Great Ideas

More Neutral Zone Considerations - The Power of Temporary Clarity

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Yesterday I blogged about how, during a transition/change, we can be more creative while in the messy, ambiguous, neutral zone. But I also mentioned how the neutral zone can be draining and frustrating, because things are fuzzy and in flux. One of the ways to lessen the negative impacts of the neutral zone is to define temporary systems. Make decisions for the next day/week/month. 

Here's how this holiday season will look.

Here's how I will complete this project.

Here's my role because the nonprofit has paused operations.

Here's how I'll get my walking miles in while I'm struggling with some tricky side-effects.

Here's my new budget for the next two months.

Here's what things will look like this week.

Here's how I'll define a great week given all that has happened.

Here's what staying in touch can look like.

Here are the things I can stop doing for the next _____ days/weeks/months.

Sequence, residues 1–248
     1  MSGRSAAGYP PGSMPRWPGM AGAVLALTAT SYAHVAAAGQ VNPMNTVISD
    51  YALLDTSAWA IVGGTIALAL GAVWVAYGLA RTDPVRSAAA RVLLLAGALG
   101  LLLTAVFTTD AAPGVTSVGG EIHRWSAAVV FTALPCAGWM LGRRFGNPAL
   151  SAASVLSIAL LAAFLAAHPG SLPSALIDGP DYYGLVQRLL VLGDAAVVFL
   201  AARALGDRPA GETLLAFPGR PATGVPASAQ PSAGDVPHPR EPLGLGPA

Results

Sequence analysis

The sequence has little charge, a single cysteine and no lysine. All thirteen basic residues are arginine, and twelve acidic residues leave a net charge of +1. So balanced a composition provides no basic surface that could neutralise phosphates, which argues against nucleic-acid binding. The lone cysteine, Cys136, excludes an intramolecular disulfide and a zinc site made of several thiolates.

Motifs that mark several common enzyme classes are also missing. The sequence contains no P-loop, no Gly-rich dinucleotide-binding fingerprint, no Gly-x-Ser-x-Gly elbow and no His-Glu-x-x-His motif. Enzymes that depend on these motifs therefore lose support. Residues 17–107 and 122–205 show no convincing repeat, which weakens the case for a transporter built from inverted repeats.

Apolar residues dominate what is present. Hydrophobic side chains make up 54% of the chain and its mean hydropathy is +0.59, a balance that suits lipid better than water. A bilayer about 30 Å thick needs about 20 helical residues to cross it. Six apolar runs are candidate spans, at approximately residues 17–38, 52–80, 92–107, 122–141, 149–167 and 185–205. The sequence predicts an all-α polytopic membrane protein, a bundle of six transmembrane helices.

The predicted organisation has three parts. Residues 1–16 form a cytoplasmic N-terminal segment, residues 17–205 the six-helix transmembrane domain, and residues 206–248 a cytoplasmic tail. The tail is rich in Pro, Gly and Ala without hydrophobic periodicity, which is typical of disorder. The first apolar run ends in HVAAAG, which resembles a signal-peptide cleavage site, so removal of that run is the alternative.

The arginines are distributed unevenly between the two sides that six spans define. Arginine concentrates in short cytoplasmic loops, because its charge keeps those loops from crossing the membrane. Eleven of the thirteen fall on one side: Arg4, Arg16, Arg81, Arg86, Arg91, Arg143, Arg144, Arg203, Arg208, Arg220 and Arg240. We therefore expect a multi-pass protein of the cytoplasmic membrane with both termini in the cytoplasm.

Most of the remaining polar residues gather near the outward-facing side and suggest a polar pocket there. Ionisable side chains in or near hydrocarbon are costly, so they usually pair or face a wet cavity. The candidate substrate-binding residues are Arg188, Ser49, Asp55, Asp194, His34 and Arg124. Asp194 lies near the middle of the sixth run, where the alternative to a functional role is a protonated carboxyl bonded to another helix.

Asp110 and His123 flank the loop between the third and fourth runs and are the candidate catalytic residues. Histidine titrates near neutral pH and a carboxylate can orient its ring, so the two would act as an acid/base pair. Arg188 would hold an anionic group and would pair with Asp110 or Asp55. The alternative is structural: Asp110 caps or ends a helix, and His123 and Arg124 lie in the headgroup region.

We need to switch up our lives due to the pandemic, but these neutral zone coping techniques will help with other goals or changes as well. We should consider defining temporary systems, roles, or actions that will help us move toward the new beginning anytime we're hanging out in the neutral zone.


A fruitful mindset for #NaNoWriMo

November 1st is almost here, and I've thought about the mindset that will serve writers well as they launch into #NaNoWriMo. The mindset has a few elements that are reinforced by recent blog posts (linked):

#1: Time is precious; choose wisely. I blogged about my Decision Filter here. I'm still reviewing this filter daily and it's helping me make better decisions about how I spend time. 

#2: Be a winner and you'll win. Put the power of the self-fulfilling prophecy to work for you. Think and act like a highly productive writer and you'll be one.